Visithra’s paintings are vivid, hypnotic, and surreal with colours that shine vibrantly from across the room. Up close, the paintings shine glossily and you will notice that the backgrounds all have a distinct style, seemingly like paint that has been poured onto a surface rather than applied with a brush or palette knife. When asked about this, Visithra responds that it is indeed a rather specific technique used but refrains from giving away her secret method. She mainly uses acrylics on canvas.
Her solo exhibition titled ‘Sweet Dreams are Made of This,’ were made up of paintings that each told of a different story or experience expressed through an amalgamation of Eastern symbolism and the parallels within Carl Jung’s psychological analyses. Visithra’s deep study of Carl Jung’s work explores how people can achieve wholeness through knowledge and the acceptance of the unconscious by understanding the symbols of dreams. She simplifies this by explaining, “In Eastern religions and cultures, symbols were part of human vocabulary to express and see things in a new dimension through our connection with nature. Symbols and visuals were a way to explain complex ideas and expand the mind. It was interesting to see how people connected to the paintings and the meaning behind each one. This is the reason why I provide descriptions for most of my pieces so that viewers can understand the basic psychology behind it and connect with the paintings. I have always been interested in human behaviour and psychology so it was natural for me to start exploring these subjects in my art.”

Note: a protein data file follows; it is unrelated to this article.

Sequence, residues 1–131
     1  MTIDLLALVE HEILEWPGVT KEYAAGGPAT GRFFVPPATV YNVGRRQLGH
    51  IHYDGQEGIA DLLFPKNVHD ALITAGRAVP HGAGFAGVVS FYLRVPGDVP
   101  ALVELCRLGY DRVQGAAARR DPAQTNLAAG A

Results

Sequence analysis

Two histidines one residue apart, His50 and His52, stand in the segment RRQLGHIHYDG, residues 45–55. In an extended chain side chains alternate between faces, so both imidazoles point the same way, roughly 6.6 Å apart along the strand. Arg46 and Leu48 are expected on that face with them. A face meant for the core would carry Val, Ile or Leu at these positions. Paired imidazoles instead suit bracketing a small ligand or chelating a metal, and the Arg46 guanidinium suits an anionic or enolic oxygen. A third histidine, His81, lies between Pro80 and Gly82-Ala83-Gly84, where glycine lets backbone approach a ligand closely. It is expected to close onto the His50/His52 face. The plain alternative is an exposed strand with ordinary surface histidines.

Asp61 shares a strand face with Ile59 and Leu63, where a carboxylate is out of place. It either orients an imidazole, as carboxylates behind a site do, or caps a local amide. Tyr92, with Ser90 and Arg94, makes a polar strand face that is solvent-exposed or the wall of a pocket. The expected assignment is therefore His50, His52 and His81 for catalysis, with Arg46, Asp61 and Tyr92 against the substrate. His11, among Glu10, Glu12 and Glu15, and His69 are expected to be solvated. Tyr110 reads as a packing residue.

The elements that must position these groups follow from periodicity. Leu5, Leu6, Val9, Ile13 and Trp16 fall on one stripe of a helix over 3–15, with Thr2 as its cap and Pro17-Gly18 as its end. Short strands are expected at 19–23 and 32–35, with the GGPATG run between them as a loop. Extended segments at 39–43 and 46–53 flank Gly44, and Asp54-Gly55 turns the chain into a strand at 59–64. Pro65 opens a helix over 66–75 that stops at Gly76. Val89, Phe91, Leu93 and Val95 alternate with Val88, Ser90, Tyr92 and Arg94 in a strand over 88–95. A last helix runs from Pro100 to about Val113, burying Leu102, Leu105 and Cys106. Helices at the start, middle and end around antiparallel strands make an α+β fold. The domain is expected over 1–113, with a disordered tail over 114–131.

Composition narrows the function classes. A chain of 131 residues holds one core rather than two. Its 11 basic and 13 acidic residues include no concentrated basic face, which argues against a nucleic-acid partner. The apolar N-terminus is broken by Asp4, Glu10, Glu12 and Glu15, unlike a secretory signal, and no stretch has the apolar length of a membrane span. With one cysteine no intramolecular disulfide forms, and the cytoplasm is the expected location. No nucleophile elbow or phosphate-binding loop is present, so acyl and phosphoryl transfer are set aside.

When asked about the challenges of being an artist in Malaysia, Visithra shared her views on the broad range of talent we have in the country that doesn’t get the exposure needed due to the lack of collaborative efforts. She refers to her time spent in Indonesia’s artists circles who all worked together to foster growth. She spoke of witnessing prominent artists there who opened their galleries up as a space for new talent to exhibit, and regularly put together group exhibitions that included artists not only from Indonesia but elsewhere as well.
“They used their popularity to get these artists opportunities, exhibitions, and media coverage. Not only that, they invited their collectors and anyone they thought would be interested to see and purchase art to join them at these exhibitions. I really loved the collaborative culture I saw there,” she says.
Wanting to get the same ball rolling on home soil, Visithra came home and after months of planning, conducted her first open call exhibition in June with 10 artists, including 3 new artists who were exhibiting for the first time.
She ends our interview by expressing her gratitude for “Places like APW Bangsar and One Utama have provided spaces for artists to exhibit their work and I’m glad to be able to work with them. It is important that such spaces are available for artists to share their art. I hope to bring more opportunities in the future.”
Visithra has also created a clothing line showcasing her now identifiable female face with the red earring, red bindi, big eyes, and long hair – what she calls “wearable art” that can be ordered online at Redbubble.
Featured image: Evolution by Visithra Manikam.